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Graci Leadership Solutions Blog

  • Writer's pictureGraci Leadership

Teamwork Starts With The Leader



Have you ever heard a leader say, “It’s all our job as a team to answer the phone? To get the dock door? To return customer voicemails, and to keep our spare cubicle clean?” There is an expression out there: if everyone is responsible, no one is responsible. 


When a racing car comes into the pits, every pit crew member knows what they are responsible for doing. You don’t have one crew member changing the windshield and six crew members changing a tire.  That would be utter chaos and pandemonium. 


If an employee falls and grabs their heart, we don’t say, “Would someone call 911?” We point directly to someone to do it. This direct communication is crucial in assigning tasks, as it prevents misunderstandings and ensures efficient teamwork. If we did say, “Would someone call 911?” We are now leaving it up to others to figure out what their share or role will be. Chaos will ensue, surely leading to a miscommunication. 


This past week, an HR generalist asked me how a team member could tactfully approach their leader, who needs to improve at communicating work assignments. Here are a couple of options: 


  • Captivate the leader’s attention by saying, “I need your help.” That’s an excellent attention-getting statement and will get most leaders to stop what they are doing. Then say, “I need you to check this out for yourself. Some employees are ‘doing more’, and some are ‘doing less’. Eventually, it gets into a big fight. If you can clarify what you want and who is to do it as much as possible, that would be great. I am really worried about having to confront my peers and being seen as a tattler by them or others.”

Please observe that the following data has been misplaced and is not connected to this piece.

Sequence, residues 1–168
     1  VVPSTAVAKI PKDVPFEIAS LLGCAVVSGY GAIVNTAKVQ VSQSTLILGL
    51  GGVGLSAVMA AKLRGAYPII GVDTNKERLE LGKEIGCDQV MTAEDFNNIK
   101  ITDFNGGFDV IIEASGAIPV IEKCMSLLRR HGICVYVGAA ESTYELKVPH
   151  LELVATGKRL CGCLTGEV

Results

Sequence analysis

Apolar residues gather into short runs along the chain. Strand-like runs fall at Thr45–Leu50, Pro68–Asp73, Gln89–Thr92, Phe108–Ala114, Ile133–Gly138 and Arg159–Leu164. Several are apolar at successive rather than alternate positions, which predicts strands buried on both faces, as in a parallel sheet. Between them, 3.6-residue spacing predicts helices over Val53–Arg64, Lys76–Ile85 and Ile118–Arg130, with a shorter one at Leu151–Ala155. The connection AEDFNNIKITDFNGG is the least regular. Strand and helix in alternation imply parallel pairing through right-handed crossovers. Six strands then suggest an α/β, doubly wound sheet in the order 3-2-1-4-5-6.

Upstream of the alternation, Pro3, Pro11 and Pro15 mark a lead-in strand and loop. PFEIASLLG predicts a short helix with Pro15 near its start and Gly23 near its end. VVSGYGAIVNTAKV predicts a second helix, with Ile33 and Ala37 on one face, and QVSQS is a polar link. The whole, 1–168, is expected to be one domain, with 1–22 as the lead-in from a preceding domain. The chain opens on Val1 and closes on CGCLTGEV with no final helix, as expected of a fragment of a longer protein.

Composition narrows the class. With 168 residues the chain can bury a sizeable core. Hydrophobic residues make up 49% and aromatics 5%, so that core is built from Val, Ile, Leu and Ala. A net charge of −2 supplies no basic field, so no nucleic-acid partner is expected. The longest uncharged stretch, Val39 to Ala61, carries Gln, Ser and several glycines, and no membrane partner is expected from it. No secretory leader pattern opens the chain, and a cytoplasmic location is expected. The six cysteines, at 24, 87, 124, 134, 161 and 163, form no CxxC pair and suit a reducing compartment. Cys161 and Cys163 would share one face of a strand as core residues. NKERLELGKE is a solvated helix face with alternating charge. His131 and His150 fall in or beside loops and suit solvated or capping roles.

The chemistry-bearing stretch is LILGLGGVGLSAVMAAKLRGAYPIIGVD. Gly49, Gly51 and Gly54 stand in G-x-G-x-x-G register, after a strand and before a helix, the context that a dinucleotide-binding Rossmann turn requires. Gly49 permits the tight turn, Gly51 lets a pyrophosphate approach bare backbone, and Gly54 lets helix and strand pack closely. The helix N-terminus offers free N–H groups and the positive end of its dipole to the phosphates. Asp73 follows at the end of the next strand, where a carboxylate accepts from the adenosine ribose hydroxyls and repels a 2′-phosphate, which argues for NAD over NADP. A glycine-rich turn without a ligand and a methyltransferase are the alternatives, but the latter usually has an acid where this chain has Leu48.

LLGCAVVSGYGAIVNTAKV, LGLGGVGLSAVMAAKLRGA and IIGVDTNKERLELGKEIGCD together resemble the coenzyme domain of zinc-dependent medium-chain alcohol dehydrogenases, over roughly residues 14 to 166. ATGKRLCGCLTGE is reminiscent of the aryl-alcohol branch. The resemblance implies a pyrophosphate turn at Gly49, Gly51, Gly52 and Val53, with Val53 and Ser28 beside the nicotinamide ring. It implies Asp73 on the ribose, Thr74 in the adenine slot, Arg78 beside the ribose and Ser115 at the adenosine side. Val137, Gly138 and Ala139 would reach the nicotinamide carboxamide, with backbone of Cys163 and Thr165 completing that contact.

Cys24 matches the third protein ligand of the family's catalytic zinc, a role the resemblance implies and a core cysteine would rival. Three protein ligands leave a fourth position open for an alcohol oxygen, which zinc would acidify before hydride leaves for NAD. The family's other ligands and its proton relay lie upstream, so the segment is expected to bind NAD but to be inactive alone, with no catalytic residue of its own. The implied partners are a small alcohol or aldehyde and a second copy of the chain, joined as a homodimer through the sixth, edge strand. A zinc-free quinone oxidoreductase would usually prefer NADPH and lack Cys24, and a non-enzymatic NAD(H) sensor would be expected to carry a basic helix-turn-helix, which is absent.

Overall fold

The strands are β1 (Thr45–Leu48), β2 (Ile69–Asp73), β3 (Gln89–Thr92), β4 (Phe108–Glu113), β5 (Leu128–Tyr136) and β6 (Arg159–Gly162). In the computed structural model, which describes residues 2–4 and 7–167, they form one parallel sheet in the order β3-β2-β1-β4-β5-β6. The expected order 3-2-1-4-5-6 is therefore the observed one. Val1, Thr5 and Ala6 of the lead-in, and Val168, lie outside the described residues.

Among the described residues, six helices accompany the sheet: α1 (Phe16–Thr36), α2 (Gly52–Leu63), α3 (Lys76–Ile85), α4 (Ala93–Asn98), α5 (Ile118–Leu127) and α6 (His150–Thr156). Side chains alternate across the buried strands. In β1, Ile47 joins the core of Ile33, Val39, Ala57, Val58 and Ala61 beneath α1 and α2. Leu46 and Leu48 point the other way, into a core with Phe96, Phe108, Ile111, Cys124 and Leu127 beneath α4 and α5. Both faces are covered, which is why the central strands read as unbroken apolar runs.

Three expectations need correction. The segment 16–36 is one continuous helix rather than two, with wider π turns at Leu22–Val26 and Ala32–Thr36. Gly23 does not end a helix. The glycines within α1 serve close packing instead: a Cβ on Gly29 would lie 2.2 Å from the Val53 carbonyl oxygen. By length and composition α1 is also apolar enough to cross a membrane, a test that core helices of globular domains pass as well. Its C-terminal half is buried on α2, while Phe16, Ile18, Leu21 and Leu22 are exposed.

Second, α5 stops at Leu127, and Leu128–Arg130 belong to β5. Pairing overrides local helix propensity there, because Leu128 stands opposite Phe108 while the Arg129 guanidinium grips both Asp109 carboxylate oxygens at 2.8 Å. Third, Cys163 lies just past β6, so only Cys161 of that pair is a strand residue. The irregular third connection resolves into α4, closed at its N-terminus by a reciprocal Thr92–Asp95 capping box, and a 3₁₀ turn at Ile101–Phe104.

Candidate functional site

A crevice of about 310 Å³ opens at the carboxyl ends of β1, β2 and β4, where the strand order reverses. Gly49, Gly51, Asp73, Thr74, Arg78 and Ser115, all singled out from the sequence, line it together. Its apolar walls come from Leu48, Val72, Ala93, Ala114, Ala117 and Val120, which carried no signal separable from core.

• “I need your help. You asked us to work on this as a team. There seems to be some confusion. Not sure if it was your intention, but some employees are being put in a position of telling others what to do. What can we do to prevent this from occurring?”


Leaders, do not put team members in charge of others' performance. You may lose some of your best people. They think, if you wanted me to confront others about their performance, I would have just become a leader. Asking or telling a team how we plan on breaking up a task or assignment will lead to better productivity and prevent a deterioration of relationships.


Leaders Are MADE, Not Born!

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